Association of circulating tumour cells with early relapse and 18F-fluorodeoxyglucose positron emission tomography uptake in resected non-small-cell lung cancers.

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More than 20% of lung cancer patients develop a recurrence, even after curative resection. We hypothesized that relapse may arise from the dissemination of circulating tumour cells (CTCs). This study evaluates the significance of CTC detection as regards the recurrence of non-small-cell lung cancer (NSCLC) in surgically resected patients. Secondly, we investigated the association between CTCs and the uptake of 18 F-fluorodeoxyglucose (FDG) by the primary tumour on a positron emission tomographic (PET) scan. In this single-centre prospective study, blood samples for analysis of CTCs were obtained from 102 patients with Stage I-IIIA NSCLC both before (CTC1) and 1 month after (CTC2) radical resection. CTCs were isolated using immunomagnetic techniques. The presence of CTCs was correlated with the maximum standardized uptake value (SUVmax) measured on preoperative FDG PET/computed tomographic scans. Recurrence free survival (RFS) analysis was performed. CTCs were detected in 39.2% of patients before and in 27.5% 1 month after the operation. The presence of CTCs after the operation was significantly correlated with SUVmax on PET scans, pathological stage and surgical approach. Only SUVmax was an independent predictor for the presence of CTC2 on multivariate analysis. Postoperative CTCs were significantly correlated with a shorter RFS ( P  = 0.005). In multivariate analysis, the presence of CTC2 was associated with RFS, independent of disease staging. Detection of CTCs 1 month after radical resection might be a useful marker to predict early recurrence in Stage I-III NSCLC. The SUVmax value of the primary tumour on preoperative PET scans was associated with the presence of CTC 1 month after the operation.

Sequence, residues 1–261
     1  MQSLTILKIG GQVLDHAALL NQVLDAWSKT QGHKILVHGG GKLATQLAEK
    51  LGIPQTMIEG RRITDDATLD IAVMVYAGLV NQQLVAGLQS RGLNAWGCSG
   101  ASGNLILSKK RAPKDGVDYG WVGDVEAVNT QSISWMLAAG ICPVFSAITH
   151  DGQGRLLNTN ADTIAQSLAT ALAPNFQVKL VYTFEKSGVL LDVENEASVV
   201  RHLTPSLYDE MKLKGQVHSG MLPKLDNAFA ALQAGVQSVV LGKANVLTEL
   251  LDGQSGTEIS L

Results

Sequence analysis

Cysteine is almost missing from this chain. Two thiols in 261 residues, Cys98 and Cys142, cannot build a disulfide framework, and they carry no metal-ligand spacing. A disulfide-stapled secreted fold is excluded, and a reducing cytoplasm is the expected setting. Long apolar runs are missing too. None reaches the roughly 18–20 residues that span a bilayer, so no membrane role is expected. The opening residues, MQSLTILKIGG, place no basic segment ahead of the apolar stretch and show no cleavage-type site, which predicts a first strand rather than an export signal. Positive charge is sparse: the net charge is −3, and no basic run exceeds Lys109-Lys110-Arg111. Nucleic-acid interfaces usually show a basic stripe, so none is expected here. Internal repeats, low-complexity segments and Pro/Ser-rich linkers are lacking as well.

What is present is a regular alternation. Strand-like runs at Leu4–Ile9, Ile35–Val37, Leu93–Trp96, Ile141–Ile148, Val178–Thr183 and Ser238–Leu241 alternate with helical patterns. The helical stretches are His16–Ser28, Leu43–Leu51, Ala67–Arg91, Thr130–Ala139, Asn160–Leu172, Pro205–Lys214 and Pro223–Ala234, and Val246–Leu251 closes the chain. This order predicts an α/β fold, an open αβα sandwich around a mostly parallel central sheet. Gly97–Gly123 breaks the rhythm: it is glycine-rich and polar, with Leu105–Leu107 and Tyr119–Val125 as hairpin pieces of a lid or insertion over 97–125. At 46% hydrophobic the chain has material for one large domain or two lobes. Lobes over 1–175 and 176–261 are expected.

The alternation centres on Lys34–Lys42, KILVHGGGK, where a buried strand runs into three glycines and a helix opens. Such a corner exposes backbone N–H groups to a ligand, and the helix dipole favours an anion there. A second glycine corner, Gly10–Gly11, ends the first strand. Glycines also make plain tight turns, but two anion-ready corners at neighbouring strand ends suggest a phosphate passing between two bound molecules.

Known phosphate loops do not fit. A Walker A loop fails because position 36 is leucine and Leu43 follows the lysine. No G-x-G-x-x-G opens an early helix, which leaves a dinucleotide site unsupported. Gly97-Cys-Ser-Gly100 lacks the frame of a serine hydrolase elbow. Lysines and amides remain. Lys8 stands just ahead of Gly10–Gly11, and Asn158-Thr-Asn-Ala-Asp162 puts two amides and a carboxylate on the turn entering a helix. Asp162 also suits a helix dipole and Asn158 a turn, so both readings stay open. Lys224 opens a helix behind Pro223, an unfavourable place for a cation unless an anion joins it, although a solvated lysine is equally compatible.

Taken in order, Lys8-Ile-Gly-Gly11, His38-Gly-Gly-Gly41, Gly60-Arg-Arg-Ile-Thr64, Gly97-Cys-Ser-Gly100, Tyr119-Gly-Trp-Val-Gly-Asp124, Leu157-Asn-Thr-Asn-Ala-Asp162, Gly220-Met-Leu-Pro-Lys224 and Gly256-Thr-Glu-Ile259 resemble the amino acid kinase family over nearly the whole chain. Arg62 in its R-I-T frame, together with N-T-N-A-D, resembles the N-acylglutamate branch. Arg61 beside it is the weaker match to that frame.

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Circulating tumour cells, FDG PET/CT, Non-small-cell lung cancer, Recurrence